2 Glass TM, GlassEyes TM, or just Glass TM, as an alternative to 3M s Speedglas TM product introduced in 1981, and still the gold standard in the welding industry. C. Generation-1 Glass Mann built a rough approximation to the idealized Digital Eye Glass in 1978, using a television camera as the Lightspace Analysis Glass a miniature glass cathode-ray tube as the Lightspace Synthesis Glass (over the right eye), and various electric circuits as the wearable computer. Because the camera was located beside the eye the longterm effects after many hours of wearing the apparatus consisted of an adaptation to this strange way of seeing, and the adaptation persisted after removal of the apparatus. George Stratton s work in 1896 with the upside-down eyewear (done optically rather than electrically), reported on adaptation effects to long-term wearing of reality modifying eyewear. Mann observed that mappings that deviate moderately from what the unaided eye would see, were harder to forget than mappings that were either closer to or further from what the unaided eye saw (e.g. Stratton s work). Thus theory and practice suggests one needs to either get the mapping perfect, or make it quite different from normal reality (e.g. present the image upside-down, or backwards, if one can t get close to reality) [7]. D. Generation-2 Glass An eyeglass with a camera and display integrated into it, is referred to as a Generation-1 Glass. Due to many of the long-term adverse effects encountered with Generation-1 Glass, Mann proceeded to invent Generation-2 Glass, which causes the eye itself to, in effect, become both the camera and the display: E. Generation-3 Glass Observing that the focus distance at which objects appear was a problem, Generation-3 Glass was created, which includes a focus control mechanism so that if one looks through the glass the eye will focus to the same point as the unaided eye would have (i.e. in the absence of the glass). SENSOR L FOCUSER 1 P 1 L 1 DIVERTER FOCUS CONTROLLER P 0 P 3 L 3 NEARBY SUBJECT MATTER L 2 AREMAC P 2 PROC. SYNTH L FOCUSER 2 FOCUS CONTROLLER GENERATION 3 GLASS F. Generation-4 Glass P 1 DISTANT SUBJECT MATTER P 0 L 3 P 3 PROC. AREMAC Finally, while looking at objects in various focal planes, such as looking at a distant object through a nearby screen or chainlink fence, some problems remained. For this reason Generation-4 Glass was created using a laser light source with a spatial light modulator, and the like, to attain infinite depth-of-focus: "PINHOLE" AREMAC VIRTUAL LIGHT PS SLM COND INCOMING REAL LIGHT DIVERTER CAMERA "PINHOLE" AREMAC PS SLM COND P 2 HIGHER ORDERS RETINA LEFTMOST RAY OF LIGHT RIGHTMOST RAY OF LIGHT LENS RETINA GENERATION-4 GLASS LENS RETINA LENS 0th ORDER d DIVERTER CAMERA LEFTMOST RAY OF VIRTUAL LIGHT AREMAC RIGHTMOST RAY OF VIRTUAL LIGHT d GENERATION 2 GLASS Rays of eyeward-bound light are diverted into a Camera system that feeds to the Wearable Computer which then drives an Aremac (Lightspace Synthesis Glass). In this way rays of light that would have entered the unaided eye are collinear with rays of light presented by the Glass. Generations 2 to 4 of the Digital Eye Glass were known as EyeTap Digital Eye Glass [8]. The result was a natural experience with zero eyestrain which could be worn continuously for many hours a day for many years. The Generation-4 Glass was completed in 1999, described in detail in 2001 [9], and featured as the lead article (the cover, first page, and pages 31-32) of Abilities Magazine, Issue 69, Winter 2006: Leftmost: Generation-4 Glass completed in The eye itself 2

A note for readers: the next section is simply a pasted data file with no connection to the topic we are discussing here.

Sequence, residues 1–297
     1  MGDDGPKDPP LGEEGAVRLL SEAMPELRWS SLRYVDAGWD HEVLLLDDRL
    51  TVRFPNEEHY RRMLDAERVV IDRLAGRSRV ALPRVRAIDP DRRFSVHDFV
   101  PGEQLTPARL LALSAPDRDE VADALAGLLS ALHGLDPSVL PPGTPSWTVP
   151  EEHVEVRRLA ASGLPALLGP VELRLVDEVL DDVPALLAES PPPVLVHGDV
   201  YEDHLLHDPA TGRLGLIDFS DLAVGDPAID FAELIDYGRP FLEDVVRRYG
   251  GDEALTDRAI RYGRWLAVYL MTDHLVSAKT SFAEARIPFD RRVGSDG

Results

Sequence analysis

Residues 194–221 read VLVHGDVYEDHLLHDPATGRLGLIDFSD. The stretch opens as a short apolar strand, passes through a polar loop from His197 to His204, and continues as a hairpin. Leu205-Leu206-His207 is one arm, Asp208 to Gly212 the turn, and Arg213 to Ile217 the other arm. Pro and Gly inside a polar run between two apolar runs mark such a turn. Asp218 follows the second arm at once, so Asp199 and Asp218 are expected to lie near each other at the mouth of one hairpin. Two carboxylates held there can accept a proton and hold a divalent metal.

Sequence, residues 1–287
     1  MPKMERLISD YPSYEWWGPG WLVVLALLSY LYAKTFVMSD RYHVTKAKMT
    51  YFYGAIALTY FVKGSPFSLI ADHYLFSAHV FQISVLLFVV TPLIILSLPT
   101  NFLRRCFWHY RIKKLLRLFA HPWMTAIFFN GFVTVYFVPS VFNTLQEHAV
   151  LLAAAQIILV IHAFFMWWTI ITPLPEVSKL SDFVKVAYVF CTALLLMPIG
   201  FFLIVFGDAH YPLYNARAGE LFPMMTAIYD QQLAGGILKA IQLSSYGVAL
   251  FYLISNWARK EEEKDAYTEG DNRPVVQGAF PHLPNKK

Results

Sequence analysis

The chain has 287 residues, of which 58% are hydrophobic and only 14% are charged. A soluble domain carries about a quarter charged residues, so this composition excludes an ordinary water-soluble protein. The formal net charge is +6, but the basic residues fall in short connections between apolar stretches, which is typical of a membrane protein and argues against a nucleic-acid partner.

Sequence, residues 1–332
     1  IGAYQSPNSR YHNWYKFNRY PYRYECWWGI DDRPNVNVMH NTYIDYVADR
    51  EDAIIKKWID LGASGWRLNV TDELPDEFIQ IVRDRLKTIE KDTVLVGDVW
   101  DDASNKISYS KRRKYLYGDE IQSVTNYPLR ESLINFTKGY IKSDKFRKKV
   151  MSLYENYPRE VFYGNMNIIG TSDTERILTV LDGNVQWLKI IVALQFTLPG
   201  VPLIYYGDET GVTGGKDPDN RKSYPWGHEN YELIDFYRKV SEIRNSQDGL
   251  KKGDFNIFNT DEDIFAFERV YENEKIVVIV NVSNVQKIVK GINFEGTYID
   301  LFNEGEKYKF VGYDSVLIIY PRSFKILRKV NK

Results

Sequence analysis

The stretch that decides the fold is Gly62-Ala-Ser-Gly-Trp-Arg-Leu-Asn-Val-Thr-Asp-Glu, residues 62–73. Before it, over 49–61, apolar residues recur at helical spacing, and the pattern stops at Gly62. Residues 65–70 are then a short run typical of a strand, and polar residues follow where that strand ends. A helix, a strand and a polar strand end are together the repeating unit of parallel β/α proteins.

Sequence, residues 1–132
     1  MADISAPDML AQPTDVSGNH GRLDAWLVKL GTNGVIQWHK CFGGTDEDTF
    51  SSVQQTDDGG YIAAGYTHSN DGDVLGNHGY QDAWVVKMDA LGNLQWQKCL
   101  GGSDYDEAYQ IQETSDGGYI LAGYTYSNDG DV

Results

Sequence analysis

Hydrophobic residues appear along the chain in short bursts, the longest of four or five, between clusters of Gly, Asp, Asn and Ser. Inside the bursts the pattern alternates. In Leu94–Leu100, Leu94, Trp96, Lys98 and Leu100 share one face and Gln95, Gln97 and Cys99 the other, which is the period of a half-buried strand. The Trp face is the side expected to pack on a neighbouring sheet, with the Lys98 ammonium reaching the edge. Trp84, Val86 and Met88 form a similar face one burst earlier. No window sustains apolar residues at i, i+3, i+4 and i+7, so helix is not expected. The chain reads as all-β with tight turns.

3 is the camera exactly! That is why the Digital Eye Glass is also known as the GlassEye (The eye looks exactly like a camera lens). This eliminates long-term dizziness, vertigo, and flashback effects that can otherwise persist long after the Glass is removed. Rightmost: Google Glass, The camera being to one side of the eye makes this a Generation-1 Glass. Long-term neurological issues, dizzziness, vertigo, and flashback effects, etc., can result from effectively moving the eye out of its eye socket and putting it off to one side. Commercially made products such as Google s Glass bear a similarity to this EyeTap Glass (same slender aluminum strip, same two silicone-pads on the nose, similar glass over the right eye), but Google s Glass is a Generation-1 Glass (camera is to the right of the eye, not the eye itself as in Generations 2-4 of the Glass). A number of companies are making and selling Generation- 1 Glass (glass that does not align the camera in a natural eye position, and therefore does not meet the important EyeTap criteria [9]): space: spatial (collinearity) and spatial frequency alignment (orthoscopic and orthofocal); time: orthotemporality [9] and temporal-frequency (non-lagging, etc.); light: comparametric/superposimetic/orthoquantigraphic [2] [9]. Such glass could have long-term adverse effects [7]. G. Spaceglass The Meta Spaceglass product is a Generation-5 Glass. Generation-5 is defined as being bi-directional in its light sensing and light output. In this way, an active vision system is implemented, which also provides a true 3D time-of-flight sensing capacity. True 3D images are captured. This allows rendering of images at the Point-of-Eye (i.e. as the camera images can be re-rendered for point of left eye and point of right eye). H. Self-Gesture-Sensing Spaceglasses may be used to make objects using in-theair gestures as illustrated in Fig. 1. Moreover, Spaceglasses can be used collaboratively, using wireless communications, antenna arrays, and the like [10][11][12] which signals can themselves be visualized. For example, the radio waves themselves can be made visible, adding new dimensions to wireless communications. ) אבק ( ABAKOGRAPHY II. TOPOSCULPTING AND Making hand gestures in mid-air has certain drawbacks regarding a lack of tactile feedback, and a lack of engagement with real physical objects. We now introduce two new concepts: 1) a form of sculpting that uses real physical objects such as arrays of light sources. We name this sculpting topological sculpting or toposculpting from the Greek word topos ( place, e.g. spatial relations Figure 1. Prototype of Meta the Spaceglass product (www.spaceglasses.com). A LiDAR (Light Diretion and Ranging) system is provided via a true 3D time-of-flight camera. Additionally, stereo HDTV cameras provide color RGB images synchronized with the depth map from the LiDAR unit. The Spaceglass accuractely senses hand position, so that virtual objects can be sculpted using hand gestures alone. and geometric constancy under continuous scale and shape variation); and 2) a form of 3D computational lightpainting in which time exposures can be captured, and manipulated as graspable 3D objects in a computer-mediated reality. We name this process abakography from the Greek word αβαξ ( abax ) meaning a surface covered in sand or dust for doing calculations or drawing mathematical figures, itself derived from the Hebrew word אבק ( dust ), i.e. the root word from which the modern word abacus derives. In this sense, abakography is often informally referred to as dusting. A camera may be regarded as a time-integrating device. It integrates light, over time, at each pixel, or each point on a film plane, to form an exposure. In this sense, a long exposure shows the time-integral of the energy of the light received, at each point or pixel, as illustrated in Fig. 2 (leftmost). Here a wand or pen with a green LED (light emitting diode) on its tip has been waved through a space, to write or draw out a simple pattern. When captured with a 3D camera, we can use such a light source to draw out a sculptural form that can then be manipulated in space, where other objects, can be rendered with it. For example, a bead can be rendered in 3D space on the path that the light took, and the bead can be slid along the path, as if it were the wire of an abacus. This bead on a wire metaphor leads us to consider the long exposure photograph an abakagram, and its mathematical form in space as an abakograph, the latter shown in Fig. 2 (rightmost). A plurality of light sources moved together can be made to operate like a dot-matrix printer, i.e. to create text, graphics, and other patterns in three-dimensional space. The experimen- 3